I’m awake but I don’t want to open my eyes. I’m trying to hold back the day. One year ago today my Grandmother went to heaven. The Bible says that to be absent from the body is to be present with the Lord but she is absent from me and I miss her so much.
My parents were killed when I was very small. I don’t remember them. Grandmother took me in and raised me more like her own child than grandchild. After my grandfather died there was only the two of us and we were very close.
As I lie in bed remembering, I decide that I will honor my grandmother today by making a decision about the money she left me. It isn’t a fortune but a sizeable amount and I want to use it in a way that honors her. Grandmother never let a need she was aware of go unmet. If she couldn’t fix it she would find someone that could. The light of Jesus radiated from her heart and splashed on all that came her way. Not only has her passing left a hole in my heart, there is a hole in our community and at last I know what to do about it.
At breakfast I tell my husband about an idea that has been floating around in my mind for several months. It seemed to me that as long as I didn’t make a decision about the money she left me I didn’t have to accept the finality that she’s gone. Silly I guess but that is how it is. I take time to pray about my decision and while I am praying I sense a gentle release from my sorrow. “Thank you, Lord,” I whisper into the stillness of my room.
When my husband joins me at breakfast I take a deep breath and begin, “Jim, I’ve been thinking about the money Grandmother left me. I know what I want to do with it.”
Jim folded his newspaper and looked at me. That’s one of the things I love about my husband. He looks at me when I talk to him.
I take a deep breath and begin, “I want to open a small boutique called ‘A World of Wool’. I want to carry hand knitted woolens. I still have a couple of hundred items Grandmother and I made so I already have an inventory.”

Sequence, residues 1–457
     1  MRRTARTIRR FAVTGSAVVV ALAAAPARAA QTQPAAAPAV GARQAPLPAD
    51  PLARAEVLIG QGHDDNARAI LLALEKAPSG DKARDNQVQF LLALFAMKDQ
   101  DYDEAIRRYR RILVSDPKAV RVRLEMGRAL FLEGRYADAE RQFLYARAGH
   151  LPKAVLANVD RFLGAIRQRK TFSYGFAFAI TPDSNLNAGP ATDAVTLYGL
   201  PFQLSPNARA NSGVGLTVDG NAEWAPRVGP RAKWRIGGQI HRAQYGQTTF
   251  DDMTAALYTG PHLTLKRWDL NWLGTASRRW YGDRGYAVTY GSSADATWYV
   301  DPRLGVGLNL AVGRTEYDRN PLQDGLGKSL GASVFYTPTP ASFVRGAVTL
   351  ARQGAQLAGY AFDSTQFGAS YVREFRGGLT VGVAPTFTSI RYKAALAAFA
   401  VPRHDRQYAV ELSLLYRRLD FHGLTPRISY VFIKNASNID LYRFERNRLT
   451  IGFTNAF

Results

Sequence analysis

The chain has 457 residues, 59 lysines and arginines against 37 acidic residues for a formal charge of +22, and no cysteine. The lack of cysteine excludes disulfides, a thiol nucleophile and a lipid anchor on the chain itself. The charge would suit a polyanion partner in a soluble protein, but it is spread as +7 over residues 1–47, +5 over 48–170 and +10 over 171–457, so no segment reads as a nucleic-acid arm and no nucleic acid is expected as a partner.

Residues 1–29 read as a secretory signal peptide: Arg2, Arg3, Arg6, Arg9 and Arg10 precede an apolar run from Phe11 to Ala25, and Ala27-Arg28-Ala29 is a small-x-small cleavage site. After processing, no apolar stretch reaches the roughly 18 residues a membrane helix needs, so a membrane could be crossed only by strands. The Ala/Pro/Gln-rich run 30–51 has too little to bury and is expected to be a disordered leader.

Jim looks confused. “But honey, she gave hers away to the shelter. You’re talking about selling them. How is that going to honor your grandmother?”
I say, “I was thinking that even though Grandmother is gone I could carry on her passion for people by making my boutique a sanctuary for the women in our town. I could give knitting classes and I want to set up that loom in the attic and give weaving classes, too. I want a fire place with rocking chairs so the women can sit together and work on their knitting like Grandmother and I did. They can share their feelings and concerns and prayer requests. I’ll carry skeins of wool in all weights and colors. I’ll have knitting needles and patterns and . . . “
Jim put his hands up. “Whoa. Exactly how long have you been thinking about this?”
“About six months,” I tell him. “And there’s more. I was thinking I could offer to buy the knitted items these ladies make. It would give them some extra money and I could still take items to the shelter in memory of Grandmother.” Just then a ray of sunshine broke through the kitchen window and fell on our faces. Jim leaned across the breakfast table and kissed me.
“Your grandmother says she approves. So do I.”
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